Going into this upcoming season, I would expect the teams base secondary to consist of Cameron Sutton, Minkah Fitzpatrick, Terrell Edmunds, and Ahkello Witherpoon (or Levi Wallace), with Sutton moving into the slot in Nickel to allow the lengthy tandem of Witherspoon and Wallace to man the boundary spots. In the teams Dime packages, Witherspoon and Wallace will likely stay at the boundary spots with Tre Norwood coming into the game in the slot and Sutton moving to his dimebacker spot alongside Myles Jack, where his mobility and football IQ allow the Steelers defense to execute some complex post snap rotations. Entering the season with a potential cornerback room of Cameron Sutton, Ahkello Witherspooon, Levi Wallace, Tre Norwood, and James Pierre, who likely serves as the first man up if Wallace or Witherspoon go down, is lightyears ahead of where the team was entering last season.

The second element, a splash signing which seems to be flying a bit under the radar, is the offseason acquisition of longtime Jacksonville Jaguar, Myles Jack, who will effectively replace Joe Schobert this upcoming season. It has been well documented how the team has struggled to find an effective every down linebacker since the unfortunate career ending injury suffered back in 2017 by Ryan Shazier, and there is some optimism from the team that Myles Jack can fill that void. Regardless, Myles Jack should be the teams best linebacker from day one, and all reports coming out of camp from our Alex Kozora would indicate that Jack is ready to provide a much needed upgrade in the coverage department at the off ball linebacker spot. If he is able to provide sound tackling after the catch along with the ability to effectively play from his hook/curl zone assignments and provide some juice getting after the passer, Myles Jack can certainly help get the pass defense trending back in the right direction.

The final element which should help the Steelers pass defense trend in the right direction is an improved defensive line, which, as a result of both offseason addition and overall unit health, should be vastly improved this upcoming season. First and foremost, the anticipated return of Tyson Alualu provides the team with the run stuffing nose tackle that it missed dearly last season. Expect to start in 3-4 base alongside perennial All-Pro Cameron Heyward and Chris Wormley, who is coming off of a career year. The trio of starters, along with talented back ups in Montravius Adams and Isiah Loudermilk, assuming both crack the 53 man roster, should help the team’s run defense improve mightily, giving the team a chance to dictate opposing offense’s approach on possession downs.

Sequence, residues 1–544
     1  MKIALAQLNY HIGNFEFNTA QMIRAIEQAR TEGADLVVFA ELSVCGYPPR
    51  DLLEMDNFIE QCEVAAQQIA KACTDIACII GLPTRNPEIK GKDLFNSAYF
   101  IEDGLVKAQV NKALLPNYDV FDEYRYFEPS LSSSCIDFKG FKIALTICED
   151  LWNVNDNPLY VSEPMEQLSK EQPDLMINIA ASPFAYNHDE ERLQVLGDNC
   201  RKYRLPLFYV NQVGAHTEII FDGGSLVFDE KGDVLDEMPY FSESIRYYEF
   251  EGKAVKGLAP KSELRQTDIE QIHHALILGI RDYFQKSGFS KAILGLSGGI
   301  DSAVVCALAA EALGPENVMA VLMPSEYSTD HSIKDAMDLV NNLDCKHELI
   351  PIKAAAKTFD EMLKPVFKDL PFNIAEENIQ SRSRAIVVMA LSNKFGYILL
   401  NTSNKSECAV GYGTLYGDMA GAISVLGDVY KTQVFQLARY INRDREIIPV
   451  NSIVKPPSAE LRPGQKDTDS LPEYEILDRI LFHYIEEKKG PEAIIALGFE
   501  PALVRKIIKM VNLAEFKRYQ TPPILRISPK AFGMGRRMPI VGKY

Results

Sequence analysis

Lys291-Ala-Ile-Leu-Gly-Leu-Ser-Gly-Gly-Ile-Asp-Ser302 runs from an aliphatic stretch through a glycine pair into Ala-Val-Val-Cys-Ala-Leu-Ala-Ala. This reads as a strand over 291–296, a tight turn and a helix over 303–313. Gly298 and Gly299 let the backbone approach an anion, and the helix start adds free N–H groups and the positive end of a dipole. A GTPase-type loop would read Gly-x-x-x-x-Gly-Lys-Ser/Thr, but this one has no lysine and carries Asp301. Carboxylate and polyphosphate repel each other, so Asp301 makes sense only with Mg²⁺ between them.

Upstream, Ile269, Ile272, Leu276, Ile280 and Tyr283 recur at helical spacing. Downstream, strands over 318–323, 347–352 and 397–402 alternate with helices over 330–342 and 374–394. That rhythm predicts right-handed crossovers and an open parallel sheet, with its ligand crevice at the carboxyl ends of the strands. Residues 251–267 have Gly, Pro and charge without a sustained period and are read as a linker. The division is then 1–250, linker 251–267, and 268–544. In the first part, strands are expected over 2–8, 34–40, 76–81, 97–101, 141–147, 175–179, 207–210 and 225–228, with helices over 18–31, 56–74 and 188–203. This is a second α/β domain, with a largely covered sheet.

Speaking of possession downs, where sub packages allow the team to put its four best pass rushers on the field, the Steelers may have a four man unit resembling the dominant forces of 2019 and 2020, with a defensive player of the year on the edge in TJ Watt, an All-Pro on the interior in Cameron Heyward, what should be an improved pass rusher at the weak side edge in Alex Highsmith, and a newcomer in Larry Ogunjobi. Last season in Cincinnati, Ogunjobi posted career highs in both sacks, with seven, and TFLs, with 12. He should help provide some juice to the teams interior pass rush alongside Cameron Heyward this upcoming season, helping the team make opposing quarterbacks uncomfortable, which undeniably helps out the back end.

In summary, I think there is reason for optimism to believe that the Steelers pass defense should be able to improve toward something resembling the dominance it showed in 2019 and 2020, and simply put, they’ll need to for this team to compete in 2022. What does a good pass defense look like statistically this upcoming season? I’d say the unit should strive to get back into the top five in yards allowed per game, opponent passer rating allowed, and most importantly, turnovers forced. With uncertainty at the quarterback position for the first time since the 2003 season, the Steelers defense will need to provide their offense with as many shortened fields as possible, along with creating a couple scores with some long returns of their own.

Regardless, replacing an aging Joe Haden, who allowed a passer rating of 103.3, as well as reducing the role of Arthur Maulet, who allowed a passer rating of 138.9 should help improve the secondary. While Cameron Sutton should see his figure improve from the 116.9 he allowed last season seeing more snaps on the inside, Ahkello Witherspoon’s figure of 13.5 provides room for great optimism entering this season. Finally, Tre Norwood, who posted a figure of 119.1 last season, performed far better in the slot than he did as a true safety, a role he will focus on this upcoming season with the addition of Damontae Kazee.

In summary, it is my contention that improved ability both to stop the run and generate consistent pressure up front, the addition of Myles Jack, and the combination of more experience alongside a key offseason addition in the secondary should help the unit rebound in the pass department this upcoming season. While they may not quite register league leading rankings as they did in 2019 and 2020, as I outlined, a top five finish in the three predominant categories of an elite pass defense could set this team up to compete into January. While the run game figures to see improvement with a revamped offensive line and the offense is littered with weapons at its skill positions, it is not a secret that the Steelers defense must step up to the challenge of reestablishing itself as a dominant defense this upcoming season. Let me know your level of optimism for both the pass defense and unit overall entering what should be an interesting 2022 season!